The City Shaped
In the Tired chapter, “The City as Diagram”, he explains that the design intent that determines the eventual form of certain cities. With the contemporary Eco village of Arcosanti and the Medieval period Palmanova in Italy, he contrasts two distinct forms, tracing their diagrammatic evolution. The diagram of the two cities is very specific, addressing their intent; responding to the landscape the former and to the militaristic needs and ideas in the latter.
He then questions the reason why cities take their specific shape and comes up with an answer that would fit most cases government, regimentation, and politics and in many cases, religion. From the concentration camp in Hamburg in Germany to Saltaire in England, from Srirangam in South India to Angkor Wat in Cambodia, he wrote traces how each city’s diagram developed responding to its militaristic, industrial, and religious needs respectively.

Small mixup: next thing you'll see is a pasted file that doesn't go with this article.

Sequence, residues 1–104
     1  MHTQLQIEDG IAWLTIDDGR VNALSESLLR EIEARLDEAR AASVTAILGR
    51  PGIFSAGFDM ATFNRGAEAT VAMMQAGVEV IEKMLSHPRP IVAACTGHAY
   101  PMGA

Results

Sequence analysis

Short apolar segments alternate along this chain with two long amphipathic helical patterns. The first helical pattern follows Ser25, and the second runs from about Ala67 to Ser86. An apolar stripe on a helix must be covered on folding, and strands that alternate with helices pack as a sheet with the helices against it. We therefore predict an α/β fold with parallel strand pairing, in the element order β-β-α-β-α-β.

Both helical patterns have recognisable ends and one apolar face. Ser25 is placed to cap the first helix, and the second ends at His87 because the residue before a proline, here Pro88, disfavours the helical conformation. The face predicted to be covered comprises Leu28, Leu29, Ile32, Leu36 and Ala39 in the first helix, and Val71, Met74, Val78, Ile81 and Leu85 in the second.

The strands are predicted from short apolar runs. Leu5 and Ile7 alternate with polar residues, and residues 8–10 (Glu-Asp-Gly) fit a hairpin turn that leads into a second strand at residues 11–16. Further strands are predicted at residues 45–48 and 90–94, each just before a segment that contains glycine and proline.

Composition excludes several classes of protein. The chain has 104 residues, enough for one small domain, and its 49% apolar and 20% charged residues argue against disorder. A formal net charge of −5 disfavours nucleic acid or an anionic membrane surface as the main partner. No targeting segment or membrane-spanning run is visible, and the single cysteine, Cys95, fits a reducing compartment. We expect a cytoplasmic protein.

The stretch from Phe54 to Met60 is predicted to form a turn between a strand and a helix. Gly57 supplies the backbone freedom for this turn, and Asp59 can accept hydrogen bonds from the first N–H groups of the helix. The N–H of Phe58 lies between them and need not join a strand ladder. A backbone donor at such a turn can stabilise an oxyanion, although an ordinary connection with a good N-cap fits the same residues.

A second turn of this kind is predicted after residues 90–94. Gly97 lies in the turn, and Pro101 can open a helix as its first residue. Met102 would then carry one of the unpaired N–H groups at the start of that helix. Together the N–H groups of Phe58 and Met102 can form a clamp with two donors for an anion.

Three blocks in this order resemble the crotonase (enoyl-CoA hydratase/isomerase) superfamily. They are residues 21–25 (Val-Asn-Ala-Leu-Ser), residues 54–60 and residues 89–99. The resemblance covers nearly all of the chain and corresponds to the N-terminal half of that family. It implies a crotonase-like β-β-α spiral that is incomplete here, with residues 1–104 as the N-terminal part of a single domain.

New Delhi and Brasilia form his examples for cities that were designed as a political thought. He also discusses how the seat of power within a city is placed in different kinds of diagrams, as exemplified by Edo in Japan, Jaipur in India, Karlsruhe in Germany and Gur in Iran. Moscow in Russia and Canberra in Australia exemplify how cities were designed, as a response to transportation needs. Also his segment addressed how social orders and concepts of a secular society informed urban diagrams.
Ledoux’s Chaux, Foucoult’s Panopticon and Jefferson’s Charlottesville form the basic three examples he uses to exemplify designers’ attempts to design keeping social orders in mind. For example if Diagram city, Baguacheng in China is good example. They use Eight Diagram city which is the Eight-Diagram city of Tekes is a magic city, emanating a mysterious sense of Iching Culture. The city was designed in an octagonal Eight-Diagram pattern. It is the largest and most typical Eight-Diagram city in China.